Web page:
A Young Pioneer dutifully taking notes, about what, I’m not sure, inside Moranbong Park. In Pyongyang.

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Young Pioneers on a field trip inside Moranbong Park. I met two Canadians who thought NoKo was much better and more open than they expected after seeing Young Pioneers sporting Mickey Mouse backpacks. They were falsely equating the ironically “Happiest Place on Earth’s” icon with progress on human rights. In Pyongyang.

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Young Pioneers along the Taedong River. They were learning how to use rowboats, I think, but were mainly paddling around in circles. First reticent, eventually they all posed for photos, even with me. They were nice and giggly, like school girls their age normally are. It was a nice moment. In Pyongyang.

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A Young Pioneer plays it “cool” along the Taedong River. We were on our scheduled “Walk along the Taedong River,” and he followed us the entire way. But whenever I’d try to say hello, or acknowledge him, he’d quickly look away, pretending he was neither interested in, nor following us. In Pyongy

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Guitar class at one of the Children’s Palaces in Pyongyang

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When we visit a calligraphy class filled with (I was told) three- and four-year-olds whose work would put the Great Masters to shame, the gravity of the situation becomes clear: these Children’s Palaces aren’t large, splendid houses for leisurely learning; they’re extracurricular-activity jails.

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Piano class at one of the Children’s Palaces in Pyongyang.

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One thing the Chidren’s Palaces are is palatial. In this photo the students are learning martial arts; organized in the foreground, while in the background, two boy students kept smacking one another whenever the teacher looked away…proving boys will be boys. Even in North Korea. In Pyongyang.

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Want to know what it feels like to be ushered into a room of young girls seated, skirts on, legs spread, most wearing protective shoe covers with bows, holding giant accordions, who bust out a tune as if you’ve caught them by surprise? If feels fucking strange. In Pyongyang.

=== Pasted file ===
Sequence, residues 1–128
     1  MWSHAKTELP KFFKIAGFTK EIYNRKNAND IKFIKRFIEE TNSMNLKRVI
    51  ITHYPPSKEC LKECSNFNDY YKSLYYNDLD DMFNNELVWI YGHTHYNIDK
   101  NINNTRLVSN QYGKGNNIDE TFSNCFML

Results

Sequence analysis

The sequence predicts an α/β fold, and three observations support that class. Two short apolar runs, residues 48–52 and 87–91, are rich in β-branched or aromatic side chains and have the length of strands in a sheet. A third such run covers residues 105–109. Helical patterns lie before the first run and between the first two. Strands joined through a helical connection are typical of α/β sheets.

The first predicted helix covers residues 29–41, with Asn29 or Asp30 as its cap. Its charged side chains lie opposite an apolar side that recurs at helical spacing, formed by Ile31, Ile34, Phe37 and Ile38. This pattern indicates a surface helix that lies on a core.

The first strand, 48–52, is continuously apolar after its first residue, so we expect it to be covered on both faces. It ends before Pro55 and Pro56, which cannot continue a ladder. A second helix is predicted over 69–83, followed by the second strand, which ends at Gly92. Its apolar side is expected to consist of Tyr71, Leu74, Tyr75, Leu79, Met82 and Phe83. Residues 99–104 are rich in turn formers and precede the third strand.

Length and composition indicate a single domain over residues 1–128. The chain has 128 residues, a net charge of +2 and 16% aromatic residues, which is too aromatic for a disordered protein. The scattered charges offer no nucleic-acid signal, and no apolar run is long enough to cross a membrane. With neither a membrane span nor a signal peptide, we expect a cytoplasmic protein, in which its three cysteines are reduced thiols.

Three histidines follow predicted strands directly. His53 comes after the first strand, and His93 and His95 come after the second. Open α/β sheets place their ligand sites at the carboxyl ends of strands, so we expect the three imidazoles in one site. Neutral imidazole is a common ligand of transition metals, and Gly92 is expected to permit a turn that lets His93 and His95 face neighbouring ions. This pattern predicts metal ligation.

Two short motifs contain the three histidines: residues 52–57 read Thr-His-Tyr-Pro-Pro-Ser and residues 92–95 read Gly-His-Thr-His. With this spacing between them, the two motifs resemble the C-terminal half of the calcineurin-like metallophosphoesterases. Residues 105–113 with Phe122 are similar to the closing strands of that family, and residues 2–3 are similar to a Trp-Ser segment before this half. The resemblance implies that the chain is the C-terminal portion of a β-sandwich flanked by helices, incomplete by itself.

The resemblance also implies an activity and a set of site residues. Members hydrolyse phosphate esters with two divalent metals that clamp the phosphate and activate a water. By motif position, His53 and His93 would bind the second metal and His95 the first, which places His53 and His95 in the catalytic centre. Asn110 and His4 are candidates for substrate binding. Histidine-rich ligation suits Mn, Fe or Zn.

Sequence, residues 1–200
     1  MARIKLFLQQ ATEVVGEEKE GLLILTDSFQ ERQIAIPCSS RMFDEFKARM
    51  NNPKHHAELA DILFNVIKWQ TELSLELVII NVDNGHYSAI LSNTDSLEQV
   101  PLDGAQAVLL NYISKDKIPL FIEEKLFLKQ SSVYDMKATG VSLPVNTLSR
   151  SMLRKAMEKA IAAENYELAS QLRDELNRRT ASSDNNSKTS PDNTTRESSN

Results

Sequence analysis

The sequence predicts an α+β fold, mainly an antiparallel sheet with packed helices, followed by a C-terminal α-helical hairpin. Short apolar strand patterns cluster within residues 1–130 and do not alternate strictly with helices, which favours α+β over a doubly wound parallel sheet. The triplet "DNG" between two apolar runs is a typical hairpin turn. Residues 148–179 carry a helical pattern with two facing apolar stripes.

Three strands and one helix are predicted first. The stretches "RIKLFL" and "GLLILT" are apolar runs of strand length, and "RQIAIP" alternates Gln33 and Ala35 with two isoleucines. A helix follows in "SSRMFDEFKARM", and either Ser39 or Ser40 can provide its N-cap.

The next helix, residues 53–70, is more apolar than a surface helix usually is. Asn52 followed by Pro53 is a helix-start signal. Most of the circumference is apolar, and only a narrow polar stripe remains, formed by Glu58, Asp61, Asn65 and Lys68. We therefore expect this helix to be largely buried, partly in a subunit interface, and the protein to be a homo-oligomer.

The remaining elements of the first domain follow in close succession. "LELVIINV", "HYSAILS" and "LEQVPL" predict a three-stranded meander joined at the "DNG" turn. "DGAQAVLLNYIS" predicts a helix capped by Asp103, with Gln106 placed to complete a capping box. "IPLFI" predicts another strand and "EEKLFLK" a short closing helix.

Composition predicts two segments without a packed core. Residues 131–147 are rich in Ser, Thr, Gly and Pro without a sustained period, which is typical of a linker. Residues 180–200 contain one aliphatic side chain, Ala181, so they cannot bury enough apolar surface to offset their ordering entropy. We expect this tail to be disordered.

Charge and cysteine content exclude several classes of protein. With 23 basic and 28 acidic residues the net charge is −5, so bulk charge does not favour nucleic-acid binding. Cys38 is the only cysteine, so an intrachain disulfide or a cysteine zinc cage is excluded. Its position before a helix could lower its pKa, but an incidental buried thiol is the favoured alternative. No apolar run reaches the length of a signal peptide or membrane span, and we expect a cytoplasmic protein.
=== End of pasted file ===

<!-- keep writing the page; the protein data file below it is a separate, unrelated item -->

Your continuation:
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Art class at a Children’s where all of the student’s drawings were perfectly executed, proving either their regimented training is paying off (they practice for hours each day, every day of their childhood), or their “sketches” were merely props used to impress tourists. In Pyongyang.

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Just like at the Children’s Palace, orphans at the orphanage also “spontaneously” break out into perfectly orchestrated song and dance routines. In Nampo.

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Dozens of children, still too young to be afraid or cynical of me, followed me one day shouting, “Hell-oh! Good-bye!” over and over as they waved. Soon they will become as walled-off as the rest of the population and no longer look at an American Imperialist, much less smile at one. In Sariwon.

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At the Nampo Orphanage, which was chockfull of twins and triplets, who were wearing outfits chosen by the great leader, or so I was told. In Nampo.

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As I was leaving the orphanage, a group of children ran to me to wave goodbye (they are behind glass). For whatever reason, this expression of free movement did not sit well with the staff, which quickly moved to shoo all the children back inside their assigned room. In Nampo.

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